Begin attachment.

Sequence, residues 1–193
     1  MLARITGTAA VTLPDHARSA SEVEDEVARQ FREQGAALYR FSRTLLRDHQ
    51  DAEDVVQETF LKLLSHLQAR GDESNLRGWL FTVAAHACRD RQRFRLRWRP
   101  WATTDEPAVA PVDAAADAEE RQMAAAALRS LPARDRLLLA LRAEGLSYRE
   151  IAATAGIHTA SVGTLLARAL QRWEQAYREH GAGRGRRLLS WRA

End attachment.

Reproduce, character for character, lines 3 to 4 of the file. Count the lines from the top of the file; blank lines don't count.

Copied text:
    51  DAEDVVQETF LKLLSHLQAR GDESNLRGWL FTVAAHACRD RQRFRLRWRP
   101  WATTDEPAVA PVDAAADAEE RQMAAAALRS LPARDRLLLA LRAEGLSYRE